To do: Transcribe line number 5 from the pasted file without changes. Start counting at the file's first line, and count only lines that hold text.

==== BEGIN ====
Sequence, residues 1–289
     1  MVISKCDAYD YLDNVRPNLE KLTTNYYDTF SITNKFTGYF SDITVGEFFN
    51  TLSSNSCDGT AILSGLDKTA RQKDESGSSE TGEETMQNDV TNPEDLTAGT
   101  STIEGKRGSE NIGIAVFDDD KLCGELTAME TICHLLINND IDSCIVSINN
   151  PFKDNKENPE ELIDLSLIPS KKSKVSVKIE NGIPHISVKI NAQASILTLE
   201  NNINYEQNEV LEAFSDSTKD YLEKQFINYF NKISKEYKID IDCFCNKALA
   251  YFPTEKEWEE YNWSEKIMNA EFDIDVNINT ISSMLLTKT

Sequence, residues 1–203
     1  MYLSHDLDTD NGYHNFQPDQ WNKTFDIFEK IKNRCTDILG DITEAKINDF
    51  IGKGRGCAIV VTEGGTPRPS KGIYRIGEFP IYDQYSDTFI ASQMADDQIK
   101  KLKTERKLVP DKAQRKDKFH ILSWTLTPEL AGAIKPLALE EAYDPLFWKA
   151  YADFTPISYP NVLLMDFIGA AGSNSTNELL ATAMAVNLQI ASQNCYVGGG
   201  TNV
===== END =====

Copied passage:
   151  PFKDNKENPE ELIDLSLIPS KKSKVSVKIE NGIPHISVKI NAQASILTLE